Bush Jr. took a budget surplus (Bill Clinton was paying down the national debt – even it was much less than I think he could have, it was a move in the right direction) upon starting office and quickly turned it into what was the largest growth of national debt and deficits.

    As with many reds, you look at only the predictions that make your arguments look correct. The Heritage foundation has posted up a blog entry that uses the correct numbers – since Bush’s presidency has ended and all the numbers tallied, we know exactly what he spent:

    The picture clearly shows Obama inheriting a Trillion dollar+ deficit; NOT Obama creating it.


  3. Jerry,

    A couple questions:
    1) Wasn’t the huge deficit spike in 09 due at large to the bailout, which Obama voted for? Granted he wasn’t president when it passed, but I think the argument can be made that it was part of his spending spree (though Bush obviously owns it from an executive standpoint). He certainly wouldn’t be able to make the argument that he was against the bailout when he voted for it.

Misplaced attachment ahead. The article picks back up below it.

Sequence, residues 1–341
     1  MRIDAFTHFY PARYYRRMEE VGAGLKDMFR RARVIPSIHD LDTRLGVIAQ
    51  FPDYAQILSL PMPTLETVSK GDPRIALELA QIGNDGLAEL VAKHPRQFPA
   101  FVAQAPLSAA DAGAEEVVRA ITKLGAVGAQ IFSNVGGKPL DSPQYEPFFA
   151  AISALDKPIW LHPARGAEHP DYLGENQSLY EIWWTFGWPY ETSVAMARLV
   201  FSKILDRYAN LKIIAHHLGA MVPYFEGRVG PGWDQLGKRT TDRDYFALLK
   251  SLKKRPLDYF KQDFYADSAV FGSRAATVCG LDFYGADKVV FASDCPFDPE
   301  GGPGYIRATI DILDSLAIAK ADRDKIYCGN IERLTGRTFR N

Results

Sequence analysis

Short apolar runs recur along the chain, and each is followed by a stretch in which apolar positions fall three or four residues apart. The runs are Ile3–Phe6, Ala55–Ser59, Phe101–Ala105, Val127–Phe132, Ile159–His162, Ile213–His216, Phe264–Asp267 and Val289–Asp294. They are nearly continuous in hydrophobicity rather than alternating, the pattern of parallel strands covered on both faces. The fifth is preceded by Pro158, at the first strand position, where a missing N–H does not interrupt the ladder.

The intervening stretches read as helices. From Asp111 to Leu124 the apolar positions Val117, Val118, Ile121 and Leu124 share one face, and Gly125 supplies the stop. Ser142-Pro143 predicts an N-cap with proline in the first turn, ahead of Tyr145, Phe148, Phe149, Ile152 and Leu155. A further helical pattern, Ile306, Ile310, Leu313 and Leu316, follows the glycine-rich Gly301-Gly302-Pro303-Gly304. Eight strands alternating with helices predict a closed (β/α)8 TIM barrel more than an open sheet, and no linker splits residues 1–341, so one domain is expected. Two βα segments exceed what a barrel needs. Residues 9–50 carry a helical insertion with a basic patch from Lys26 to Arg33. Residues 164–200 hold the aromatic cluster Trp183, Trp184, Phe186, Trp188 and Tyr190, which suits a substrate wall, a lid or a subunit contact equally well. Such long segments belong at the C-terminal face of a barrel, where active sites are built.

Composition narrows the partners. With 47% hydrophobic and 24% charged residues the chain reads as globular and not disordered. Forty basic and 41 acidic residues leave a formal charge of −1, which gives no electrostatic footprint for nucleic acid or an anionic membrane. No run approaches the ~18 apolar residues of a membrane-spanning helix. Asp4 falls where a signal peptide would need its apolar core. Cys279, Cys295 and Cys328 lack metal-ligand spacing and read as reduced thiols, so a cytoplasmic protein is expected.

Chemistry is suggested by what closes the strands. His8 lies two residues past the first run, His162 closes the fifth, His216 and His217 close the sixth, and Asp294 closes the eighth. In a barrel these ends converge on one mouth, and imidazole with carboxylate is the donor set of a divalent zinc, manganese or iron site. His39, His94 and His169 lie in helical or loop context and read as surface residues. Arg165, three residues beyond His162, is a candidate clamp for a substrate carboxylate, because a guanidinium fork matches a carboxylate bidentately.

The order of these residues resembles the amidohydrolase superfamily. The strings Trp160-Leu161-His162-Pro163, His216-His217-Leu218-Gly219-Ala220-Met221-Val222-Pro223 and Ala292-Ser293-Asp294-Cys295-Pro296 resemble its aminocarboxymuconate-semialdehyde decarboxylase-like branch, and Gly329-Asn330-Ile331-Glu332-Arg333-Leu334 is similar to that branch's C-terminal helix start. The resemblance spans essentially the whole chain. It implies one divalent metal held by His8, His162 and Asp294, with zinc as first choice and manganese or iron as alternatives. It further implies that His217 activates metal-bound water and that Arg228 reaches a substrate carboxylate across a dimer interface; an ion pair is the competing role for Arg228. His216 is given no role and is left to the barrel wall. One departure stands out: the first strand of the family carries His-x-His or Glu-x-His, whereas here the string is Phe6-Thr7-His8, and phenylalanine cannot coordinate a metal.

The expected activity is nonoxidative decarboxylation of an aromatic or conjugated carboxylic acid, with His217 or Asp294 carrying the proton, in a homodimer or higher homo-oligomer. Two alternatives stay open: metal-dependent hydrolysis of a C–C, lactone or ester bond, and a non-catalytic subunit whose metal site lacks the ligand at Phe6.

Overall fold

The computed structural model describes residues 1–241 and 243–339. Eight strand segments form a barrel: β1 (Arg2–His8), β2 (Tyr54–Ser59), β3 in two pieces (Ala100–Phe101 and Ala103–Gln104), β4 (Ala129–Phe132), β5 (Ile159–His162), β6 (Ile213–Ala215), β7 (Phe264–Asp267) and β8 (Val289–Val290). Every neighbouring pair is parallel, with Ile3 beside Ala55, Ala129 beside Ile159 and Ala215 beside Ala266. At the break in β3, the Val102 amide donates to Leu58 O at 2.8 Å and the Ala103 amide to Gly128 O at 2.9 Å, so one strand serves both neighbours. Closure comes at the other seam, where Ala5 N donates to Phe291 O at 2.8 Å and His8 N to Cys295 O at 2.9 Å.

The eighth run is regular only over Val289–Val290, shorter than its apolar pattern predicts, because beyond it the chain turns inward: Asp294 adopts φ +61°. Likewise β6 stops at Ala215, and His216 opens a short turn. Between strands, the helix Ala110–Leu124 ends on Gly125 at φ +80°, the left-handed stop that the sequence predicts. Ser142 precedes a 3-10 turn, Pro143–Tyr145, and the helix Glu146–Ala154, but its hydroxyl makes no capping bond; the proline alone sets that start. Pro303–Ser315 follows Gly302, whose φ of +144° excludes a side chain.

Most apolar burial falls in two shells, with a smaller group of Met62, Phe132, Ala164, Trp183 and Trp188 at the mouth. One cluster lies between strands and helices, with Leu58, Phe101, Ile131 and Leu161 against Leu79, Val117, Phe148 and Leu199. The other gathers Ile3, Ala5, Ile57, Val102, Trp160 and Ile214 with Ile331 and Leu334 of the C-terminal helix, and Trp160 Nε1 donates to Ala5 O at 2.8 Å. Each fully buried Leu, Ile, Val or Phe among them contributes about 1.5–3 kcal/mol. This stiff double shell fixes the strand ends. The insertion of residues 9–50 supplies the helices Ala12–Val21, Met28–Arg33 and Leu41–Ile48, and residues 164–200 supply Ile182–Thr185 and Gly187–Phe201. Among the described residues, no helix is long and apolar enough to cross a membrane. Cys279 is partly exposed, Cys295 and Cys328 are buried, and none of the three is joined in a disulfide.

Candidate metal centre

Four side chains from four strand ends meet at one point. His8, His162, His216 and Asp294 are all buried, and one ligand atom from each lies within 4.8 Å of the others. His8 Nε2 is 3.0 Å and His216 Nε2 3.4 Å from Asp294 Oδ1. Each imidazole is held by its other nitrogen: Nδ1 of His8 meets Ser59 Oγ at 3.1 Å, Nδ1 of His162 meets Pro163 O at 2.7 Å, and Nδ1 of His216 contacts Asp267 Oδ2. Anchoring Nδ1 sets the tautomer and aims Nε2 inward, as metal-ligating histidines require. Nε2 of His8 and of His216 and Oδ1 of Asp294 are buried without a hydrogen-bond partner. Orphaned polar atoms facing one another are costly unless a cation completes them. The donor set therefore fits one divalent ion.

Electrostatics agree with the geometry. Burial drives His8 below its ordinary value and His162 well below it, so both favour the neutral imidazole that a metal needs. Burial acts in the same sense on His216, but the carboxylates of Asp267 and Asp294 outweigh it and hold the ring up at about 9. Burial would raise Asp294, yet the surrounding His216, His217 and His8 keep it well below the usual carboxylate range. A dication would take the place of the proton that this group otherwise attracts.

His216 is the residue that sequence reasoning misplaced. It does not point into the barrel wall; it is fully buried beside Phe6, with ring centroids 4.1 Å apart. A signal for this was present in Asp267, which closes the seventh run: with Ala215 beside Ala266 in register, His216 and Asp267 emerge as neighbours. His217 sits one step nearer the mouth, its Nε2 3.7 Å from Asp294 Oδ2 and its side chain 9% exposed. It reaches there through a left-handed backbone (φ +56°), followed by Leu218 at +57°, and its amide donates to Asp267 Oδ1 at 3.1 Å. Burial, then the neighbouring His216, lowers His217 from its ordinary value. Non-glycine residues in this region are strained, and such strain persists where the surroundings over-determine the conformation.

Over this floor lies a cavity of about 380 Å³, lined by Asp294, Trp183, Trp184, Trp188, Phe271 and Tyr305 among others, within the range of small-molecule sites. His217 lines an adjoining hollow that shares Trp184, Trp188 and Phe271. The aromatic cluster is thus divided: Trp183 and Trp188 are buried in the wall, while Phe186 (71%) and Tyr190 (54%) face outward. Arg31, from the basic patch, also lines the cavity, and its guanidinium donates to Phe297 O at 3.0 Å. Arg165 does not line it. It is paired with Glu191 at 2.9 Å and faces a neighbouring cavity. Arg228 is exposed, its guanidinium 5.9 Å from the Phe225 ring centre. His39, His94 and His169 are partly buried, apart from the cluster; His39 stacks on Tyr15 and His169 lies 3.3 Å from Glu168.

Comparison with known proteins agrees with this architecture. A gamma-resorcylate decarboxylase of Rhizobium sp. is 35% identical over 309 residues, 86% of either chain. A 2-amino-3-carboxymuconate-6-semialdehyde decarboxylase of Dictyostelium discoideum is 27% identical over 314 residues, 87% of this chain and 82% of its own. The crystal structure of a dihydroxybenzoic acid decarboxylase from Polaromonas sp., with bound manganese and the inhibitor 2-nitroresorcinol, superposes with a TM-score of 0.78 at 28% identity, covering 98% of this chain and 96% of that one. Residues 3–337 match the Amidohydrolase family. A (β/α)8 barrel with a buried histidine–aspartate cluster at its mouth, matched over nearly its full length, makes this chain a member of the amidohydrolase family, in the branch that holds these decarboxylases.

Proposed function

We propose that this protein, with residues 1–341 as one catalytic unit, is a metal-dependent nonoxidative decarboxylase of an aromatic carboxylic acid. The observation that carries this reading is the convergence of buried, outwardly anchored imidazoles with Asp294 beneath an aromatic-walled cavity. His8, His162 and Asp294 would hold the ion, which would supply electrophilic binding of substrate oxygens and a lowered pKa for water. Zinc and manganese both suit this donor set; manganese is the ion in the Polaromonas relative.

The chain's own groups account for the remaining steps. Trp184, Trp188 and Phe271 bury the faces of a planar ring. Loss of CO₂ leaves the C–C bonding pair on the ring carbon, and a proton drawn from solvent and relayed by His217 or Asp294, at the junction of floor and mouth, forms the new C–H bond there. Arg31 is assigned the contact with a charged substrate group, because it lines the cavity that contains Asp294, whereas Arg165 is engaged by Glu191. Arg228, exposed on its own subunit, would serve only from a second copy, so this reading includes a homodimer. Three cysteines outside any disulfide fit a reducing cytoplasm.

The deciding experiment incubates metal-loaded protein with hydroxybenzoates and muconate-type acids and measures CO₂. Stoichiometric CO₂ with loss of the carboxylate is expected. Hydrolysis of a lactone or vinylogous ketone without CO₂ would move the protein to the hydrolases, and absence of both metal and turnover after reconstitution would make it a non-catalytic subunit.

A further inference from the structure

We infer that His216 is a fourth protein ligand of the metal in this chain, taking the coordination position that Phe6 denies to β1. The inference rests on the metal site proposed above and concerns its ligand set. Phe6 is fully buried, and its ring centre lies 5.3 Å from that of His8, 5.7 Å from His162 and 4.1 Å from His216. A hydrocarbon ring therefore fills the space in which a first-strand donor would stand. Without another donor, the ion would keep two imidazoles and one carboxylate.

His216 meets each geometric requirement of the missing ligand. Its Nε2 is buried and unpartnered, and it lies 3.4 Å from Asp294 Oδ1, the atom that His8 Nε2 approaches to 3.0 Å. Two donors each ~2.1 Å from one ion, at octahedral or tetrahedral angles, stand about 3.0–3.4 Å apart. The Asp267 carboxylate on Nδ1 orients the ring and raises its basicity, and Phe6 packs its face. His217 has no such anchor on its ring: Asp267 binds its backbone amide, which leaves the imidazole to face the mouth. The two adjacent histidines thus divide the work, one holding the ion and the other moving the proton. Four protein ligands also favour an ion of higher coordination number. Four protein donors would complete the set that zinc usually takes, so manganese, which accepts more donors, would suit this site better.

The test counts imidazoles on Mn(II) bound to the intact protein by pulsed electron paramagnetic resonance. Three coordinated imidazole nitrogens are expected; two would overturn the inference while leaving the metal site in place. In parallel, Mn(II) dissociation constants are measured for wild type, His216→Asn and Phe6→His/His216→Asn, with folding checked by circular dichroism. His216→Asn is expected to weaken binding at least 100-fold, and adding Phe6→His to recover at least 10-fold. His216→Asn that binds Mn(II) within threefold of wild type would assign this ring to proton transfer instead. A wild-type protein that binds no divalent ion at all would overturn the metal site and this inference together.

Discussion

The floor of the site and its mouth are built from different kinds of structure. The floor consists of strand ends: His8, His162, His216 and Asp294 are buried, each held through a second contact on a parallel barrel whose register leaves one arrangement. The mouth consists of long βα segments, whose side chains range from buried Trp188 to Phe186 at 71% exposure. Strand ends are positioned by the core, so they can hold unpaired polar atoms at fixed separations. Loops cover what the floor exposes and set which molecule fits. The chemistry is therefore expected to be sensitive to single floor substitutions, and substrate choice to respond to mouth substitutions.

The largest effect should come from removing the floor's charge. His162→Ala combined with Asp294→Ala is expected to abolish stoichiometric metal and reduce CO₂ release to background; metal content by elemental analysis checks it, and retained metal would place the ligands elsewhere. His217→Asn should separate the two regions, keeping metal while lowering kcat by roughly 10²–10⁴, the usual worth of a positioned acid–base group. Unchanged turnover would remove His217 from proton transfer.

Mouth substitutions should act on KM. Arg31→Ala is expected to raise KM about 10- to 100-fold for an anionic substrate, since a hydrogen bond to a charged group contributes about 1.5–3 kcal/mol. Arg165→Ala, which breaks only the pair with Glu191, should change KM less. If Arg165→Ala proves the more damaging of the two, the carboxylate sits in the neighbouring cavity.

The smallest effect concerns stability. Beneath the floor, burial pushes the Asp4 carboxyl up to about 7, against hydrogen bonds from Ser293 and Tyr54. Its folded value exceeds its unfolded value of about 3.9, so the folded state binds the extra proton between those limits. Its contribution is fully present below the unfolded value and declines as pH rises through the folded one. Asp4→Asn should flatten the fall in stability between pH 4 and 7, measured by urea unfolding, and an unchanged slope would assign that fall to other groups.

2) Do I understand correctly that you are basically pro tax cuts and pro spending cuts, but not just one or the other?

    I don’t understand when people argue that tax cuts “caused” a deficit. That seems like a self-refuting statement–almost as if one were to say, “I am neck high in credit card debt, but it’s not because of my spending, it’s because my boss gave me a pay cut!”


    1. Remember that TARP was passed by a Democrat-dominated House and Senate, and that Bush’s economic advisers told him that the economy would collapse if he didn’t sign it.


  4. I had heard that much of the money that was budgeted for the bailout hadn’t actually been spent (most of the ultra-liberal groups crying – they want more, blah, blah, blah), so I did a little searching and CNN (I know, many don’t like them) has a pretty nice break down of where the money has gone so far: